Western Pine Species Loses Ground to Neglect
The moss-covered 60-foot-tall snags that were once thriving whitebark pine trees stand like ghosts in this forest now dominated by subalpine fir.
The curious pine, which grows its cones pointing skyward, once provided tons of large, nutritious seeds for at least 110 different animal species, ranging from small birds and mice to grizzly bears. Now, the few solitary, centuries-old trees that still cling to life here and in the neighboring Selway-Bitterroot Wilderness are facing local extinction.
"This is the area where the Clearwater National Forest has decided to try and save this species," said Bob Keane, an ecologist with the U.S. Forest Service's Fire Sciences Laboratory in Missoula, Mont. But the scene is being played out in many parts of the northern Rocky Mountains.
Whitebark pine, which grows along the Rocky Mountains spine from Banff in Canada to the Wind River in Wyoming, as well as the Pacific Cascade Range and parts of the Sierra Nevadas, is disappearing rapidly. In Glacier National Park, the species is down to 5 percent of its historical range. In places around Missoula, 60 percent to 80 percent of the trees have died. In the Bob Marshall Wilderness in Montana, trees also are dying quickly.
For decades, the stark gray snags crowding the ridge lines like moss-adorned slate gravestones failed to ring an alarm. Ecologists first thought the massive die-offs were part of the tree's natural cycle. Plus, timber scientists weren't interested in the slow-maturing, low-value tree that grows at inaccessible elevations. Most research funds were earmarked for more marketable timber.
The reason for the wholesale die-offs was also twofold.
In the 1930s, mountain pine beetles swarmed through the forests, a natural, cyclical phenomenon. The tiny beetles dig egg chambers in trees, running vertical to the trunks. The larvae then tunnel around the trunk. With millions of beetles invading a single tree, the larvae eventually do so much damage they can cut off the passage of nutrients into the crown.
Under typical circumstances, whitebark pine would resist the beetles. But the tree came under stress at the same time from an exotic disease from France called white pine blister rust. "Blister rust starts at the top of a tree and kills so much foliage that the tree can't meet its respiratory needs," Keane said.
Fire ecologist Steve Arno, who first noted the massive decline in the 1960s, recruited Keane to unravel the tree's ecological secrets. For four summers Keane camped in the Bob Marshall Wilderness, observing an astounding relationship between the whitebark pine, wildlife and fires , which the trees need to thrive.
Keane estimates that subalpine fir dominates 22 percent of the traditional whitebark pine habitat. Historically, the fir only grew in about 8 percent. "Without fire, fir will overtake an area in three to four decades," he said.
On Beaver Ridge, saw crews have thinned firs from some areas to stimulate growth and cone production in whitebark pine, as well as clear-cut one- to two-acre plots to create caching sites for the Clark's nutcracker, a bird on which the tree depends.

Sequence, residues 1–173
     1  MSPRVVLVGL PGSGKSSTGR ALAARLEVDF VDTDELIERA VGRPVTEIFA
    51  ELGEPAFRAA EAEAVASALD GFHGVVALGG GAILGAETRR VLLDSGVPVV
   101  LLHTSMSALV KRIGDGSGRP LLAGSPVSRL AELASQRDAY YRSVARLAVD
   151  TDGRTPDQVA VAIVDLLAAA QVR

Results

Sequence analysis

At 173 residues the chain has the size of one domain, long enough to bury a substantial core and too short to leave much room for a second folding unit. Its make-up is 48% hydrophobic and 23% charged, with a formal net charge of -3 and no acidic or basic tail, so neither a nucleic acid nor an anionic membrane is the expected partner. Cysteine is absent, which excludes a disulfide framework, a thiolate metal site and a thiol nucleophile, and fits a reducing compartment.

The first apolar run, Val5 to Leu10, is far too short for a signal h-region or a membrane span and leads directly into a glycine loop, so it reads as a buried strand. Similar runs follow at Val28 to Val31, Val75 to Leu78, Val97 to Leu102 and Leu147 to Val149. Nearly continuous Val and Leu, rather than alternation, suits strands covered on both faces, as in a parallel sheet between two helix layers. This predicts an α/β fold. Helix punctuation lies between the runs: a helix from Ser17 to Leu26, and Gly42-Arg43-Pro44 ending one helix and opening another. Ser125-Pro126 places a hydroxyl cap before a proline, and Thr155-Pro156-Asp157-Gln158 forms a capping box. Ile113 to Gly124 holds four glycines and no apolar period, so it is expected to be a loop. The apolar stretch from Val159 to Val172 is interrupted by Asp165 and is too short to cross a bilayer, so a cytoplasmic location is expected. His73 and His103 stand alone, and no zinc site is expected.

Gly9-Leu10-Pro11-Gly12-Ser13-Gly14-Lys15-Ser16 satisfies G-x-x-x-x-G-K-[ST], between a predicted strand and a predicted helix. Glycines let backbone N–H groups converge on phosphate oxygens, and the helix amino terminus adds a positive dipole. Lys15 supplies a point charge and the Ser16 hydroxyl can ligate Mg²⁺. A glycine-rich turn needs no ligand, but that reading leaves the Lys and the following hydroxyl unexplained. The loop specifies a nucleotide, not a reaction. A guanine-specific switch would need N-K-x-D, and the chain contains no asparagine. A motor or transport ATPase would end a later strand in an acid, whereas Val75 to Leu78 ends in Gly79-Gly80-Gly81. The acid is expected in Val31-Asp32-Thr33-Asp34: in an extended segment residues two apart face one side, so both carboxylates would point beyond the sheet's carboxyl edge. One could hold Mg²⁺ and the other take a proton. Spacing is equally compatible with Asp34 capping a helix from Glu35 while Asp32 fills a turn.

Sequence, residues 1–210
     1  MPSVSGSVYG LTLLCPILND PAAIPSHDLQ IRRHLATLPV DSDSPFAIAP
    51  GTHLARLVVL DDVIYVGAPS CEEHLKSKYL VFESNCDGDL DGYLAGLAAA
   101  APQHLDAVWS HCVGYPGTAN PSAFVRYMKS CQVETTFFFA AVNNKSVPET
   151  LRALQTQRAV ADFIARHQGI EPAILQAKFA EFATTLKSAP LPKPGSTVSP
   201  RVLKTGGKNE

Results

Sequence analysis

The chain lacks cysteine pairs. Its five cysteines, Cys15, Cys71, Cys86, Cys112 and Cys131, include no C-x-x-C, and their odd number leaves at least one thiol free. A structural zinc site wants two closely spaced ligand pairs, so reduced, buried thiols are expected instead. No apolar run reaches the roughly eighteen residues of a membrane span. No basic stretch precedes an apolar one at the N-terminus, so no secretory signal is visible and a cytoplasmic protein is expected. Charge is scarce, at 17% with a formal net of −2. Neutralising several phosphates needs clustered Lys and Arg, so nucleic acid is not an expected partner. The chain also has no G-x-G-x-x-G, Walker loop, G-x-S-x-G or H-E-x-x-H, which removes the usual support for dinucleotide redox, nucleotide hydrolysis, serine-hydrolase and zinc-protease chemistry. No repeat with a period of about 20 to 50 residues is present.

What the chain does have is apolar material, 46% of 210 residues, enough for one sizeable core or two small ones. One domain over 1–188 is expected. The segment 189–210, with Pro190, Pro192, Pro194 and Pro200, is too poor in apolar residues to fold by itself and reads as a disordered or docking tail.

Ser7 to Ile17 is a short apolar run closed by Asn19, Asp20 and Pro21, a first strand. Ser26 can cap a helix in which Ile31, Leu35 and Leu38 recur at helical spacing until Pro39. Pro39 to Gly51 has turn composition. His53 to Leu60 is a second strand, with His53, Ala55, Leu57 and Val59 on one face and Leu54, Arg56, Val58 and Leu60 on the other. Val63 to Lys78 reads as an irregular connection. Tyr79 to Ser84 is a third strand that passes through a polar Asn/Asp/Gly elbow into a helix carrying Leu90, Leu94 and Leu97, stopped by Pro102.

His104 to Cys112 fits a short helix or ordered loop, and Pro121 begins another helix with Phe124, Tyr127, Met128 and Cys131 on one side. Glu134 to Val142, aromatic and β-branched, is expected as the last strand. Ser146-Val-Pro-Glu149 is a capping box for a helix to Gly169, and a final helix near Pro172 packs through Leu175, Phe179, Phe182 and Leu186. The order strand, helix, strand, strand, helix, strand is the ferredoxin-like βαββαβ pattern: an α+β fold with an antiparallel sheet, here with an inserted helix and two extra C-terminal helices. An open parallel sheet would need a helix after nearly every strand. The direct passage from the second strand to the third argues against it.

Some surviving whitebark pines that stand only about five feet tall and measure an inch in diameter are 200 years old. "We're not sure they'll ever take off," Keane said. "But some might."
After setting fires, workers will replant some areas and leave others to the nutcracker. But thinning and reseeding will prove fruitless unless wildfire is allowed to return to the ecosystem.
"The only way to perpetuate the species is to open up areas," Keane said. "That means fire, because innovative methods like thinning and clear-cutting won't always work. First of all, about 49 percent of the whitebark range is located in wilderness areas where you can't even use a chain saw."
It often takes 10 years before a burn site becomes conducive to whitebark seedling survival.
Grasses and forbs must first create enough ground cover to hold soil moisture. Then it takes an additional 20 to 40 years before seedlings become functional trees. And then 20 more years before they start producing cones.
Whitebark pine thrives in the subalpine regions of the western U.S. and Canada. The fire-tolerant pine produces an abundance of nuts, which are eaten and stashed by Clark's nutcrackers.
Nutcrackers bury caches of nuts in loose soil on the mountainside. Bears travel to the high country in the summer in search of nutcracker stashes.
Intermittent fires scorch back competing subalpine fir trees. Fires also loosen soil, which is ideal for nutcracker caches.
Nut stores, which are forgotten and undiscovered, sprout into clusters of young pine trees.
An introduced fungus, white pine blister rust, has weakened many pines to the extent that they can no longer exude enough sap to defend themselves against mountain pine beetles. Unchecked, beetle larvae can girdle a tree.
With fewer seeds available, the nutcrackers eat more of what they harvest, reducing the potential for seed germination.
Suppression of fire allows subalpine fir trees to overwhelm whitebark pine stands, crowding out slow-growing pine seedlings.
The decline in nut caches sends bears to lower altitudes, which escalates their interactions with humans.
SOURCES: USGS; J. Foott; Mark Matthews